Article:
New research reveals reading can really help with your mental health

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  • If you're struggling with your mental health during the coronavirus pandemic, books can be an incredibly useful tool.

    We already knew that reading books can be very beneficial to our wellbeing as they helps us to slow down and unwind, but now new research is making us want to read even more.

    Turns out that reading “challenging language” sends “rocket boosters” to our brains, according to new research from Oxford University Press.

    This boosts our mental health, something much needed during odd times like we’re living nowadays.

    Why does reading have such a positive impact on our brains?

    Dr Paula Byrne is an author and founder of ReLit, a charity which promotes reading for mental health.

    Paula and her colleagues currently run workshops in schools, prisons and halfway houses and they even host a week-long bibliotherapy summer school which is open to all.

    If you’ve never heard of bibliotherapy, Paula has explained why it can be a useful way to practice self care and manage our mental health.

    Speaking to Stylist, Paula explains,”Bibliotherapy, quite simply, is about books as therapy. It’s not meant to take the place of medicine, but it can complement it.

    “It’s actually a reinvention of a traditional idea. The ancient Greeks used poetry as therapy and Queen Victoria drew comfort from the works of Alfred Lord Tennyson when her husband, Prince Albert, died.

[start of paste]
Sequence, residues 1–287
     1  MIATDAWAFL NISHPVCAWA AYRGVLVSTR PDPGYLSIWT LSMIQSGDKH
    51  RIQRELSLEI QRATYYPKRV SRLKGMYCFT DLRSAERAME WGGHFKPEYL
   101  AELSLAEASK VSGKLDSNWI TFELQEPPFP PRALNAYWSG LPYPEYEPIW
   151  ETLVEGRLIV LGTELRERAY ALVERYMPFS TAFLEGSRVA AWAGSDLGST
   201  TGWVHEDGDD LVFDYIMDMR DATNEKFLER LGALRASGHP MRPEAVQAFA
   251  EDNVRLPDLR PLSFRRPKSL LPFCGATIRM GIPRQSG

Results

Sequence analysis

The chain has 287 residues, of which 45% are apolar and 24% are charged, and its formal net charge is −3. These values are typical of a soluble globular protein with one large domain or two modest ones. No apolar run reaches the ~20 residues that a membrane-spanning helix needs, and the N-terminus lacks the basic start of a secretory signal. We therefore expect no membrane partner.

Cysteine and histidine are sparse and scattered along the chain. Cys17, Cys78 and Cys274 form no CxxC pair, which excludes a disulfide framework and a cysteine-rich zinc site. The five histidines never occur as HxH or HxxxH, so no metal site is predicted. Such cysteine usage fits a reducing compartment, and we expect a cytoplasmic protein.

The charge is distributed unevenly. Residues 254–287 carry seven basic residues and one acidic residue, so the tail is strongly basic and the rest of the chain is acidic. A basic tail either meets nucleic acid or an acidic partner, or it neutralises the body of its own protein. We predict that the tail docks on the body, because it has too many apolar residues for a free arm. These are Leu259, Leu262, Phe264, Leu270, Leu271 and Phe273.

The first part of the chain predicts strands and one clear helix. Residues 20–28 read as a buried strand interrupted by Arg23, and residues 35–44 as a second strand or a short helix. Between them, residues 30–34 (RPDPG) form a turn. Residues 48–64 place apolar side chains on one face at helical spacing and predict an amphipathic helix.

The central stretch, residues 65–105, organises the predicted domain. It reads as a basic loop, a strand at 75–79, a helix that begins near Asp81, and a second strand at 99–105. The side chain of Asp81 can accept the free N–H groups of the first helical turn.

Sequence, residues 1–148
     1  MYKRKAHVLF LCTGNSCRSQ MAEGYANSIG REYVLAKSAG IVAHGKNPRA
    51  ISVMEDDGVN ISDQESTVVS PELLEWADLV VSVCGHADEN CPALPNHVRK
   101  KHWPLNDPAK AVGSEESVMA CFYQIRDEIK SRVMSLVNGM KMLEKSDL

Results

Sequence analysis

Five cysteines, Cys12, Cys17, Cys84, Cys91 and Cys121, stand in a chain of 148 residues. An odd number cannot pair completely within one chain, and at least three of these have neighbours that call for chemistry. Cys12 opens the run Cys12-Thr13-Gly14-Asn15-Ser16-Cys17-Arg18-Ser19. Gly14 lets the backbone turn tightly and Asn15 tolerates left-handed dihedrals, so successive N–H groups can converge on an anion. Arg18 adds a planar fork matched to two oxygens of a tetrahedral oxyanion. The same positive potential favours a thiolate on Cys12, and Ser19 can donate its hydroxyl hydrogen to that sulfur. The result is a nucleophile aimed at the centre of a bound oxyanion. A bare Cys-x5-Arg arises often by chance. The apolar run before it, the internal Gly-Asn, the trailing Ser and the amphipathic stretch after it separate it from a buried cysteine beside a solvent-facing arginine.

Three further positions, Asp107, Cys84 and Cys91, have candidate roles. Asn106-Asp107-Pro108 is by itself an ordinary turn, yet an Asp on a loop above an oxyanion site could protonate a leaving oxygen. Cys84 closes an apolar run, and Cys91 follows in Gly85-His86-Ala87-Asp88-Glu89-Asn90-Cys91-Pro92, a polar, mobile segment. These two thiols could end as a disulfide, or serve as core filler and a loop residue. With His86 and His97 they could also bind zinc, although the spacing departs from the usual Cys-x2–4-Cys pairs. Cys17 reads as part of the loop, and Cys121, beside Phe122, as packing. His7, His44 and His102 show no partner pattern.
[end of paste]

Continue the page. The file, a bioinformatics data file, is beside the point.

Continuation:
books mental health

    Credit: Getty Images

    Read more: Woman&Home’s edit of the best books to read this year

    “Books can take you to a different place. They can relax you and calm you, and they can offer wisdom, or humour, or both.”

    And it’s not just Paula who advocates reading, as several studies have shown the benefits of bibliotherapy.

    One 2013 study published in the journal Clinical Psychology & Psychotherapy examined 96 patients with mild depression.

    It found that those who were given a book to read saw an improvement in depressive symptoms, compared to those who didn’t receive any bibliotherapy treatment.

    A study from The New School for Social Research, New York  found that reading fiction can improve our ability to empathise and understand that other people hold different beliefs and desires to our own, which is a very useful skill.

    The NHS has even started to acknowledge the benefits of reading, and supports website Reading Well.

    According to the site, ‘Reading Well supports you to understand and manage your health and wellbeing using helpful reading.

    ‘The books are all recommended by health experts, as well as people with living with the conditions covered and their relatives and carers.’

    Sounds good to us!

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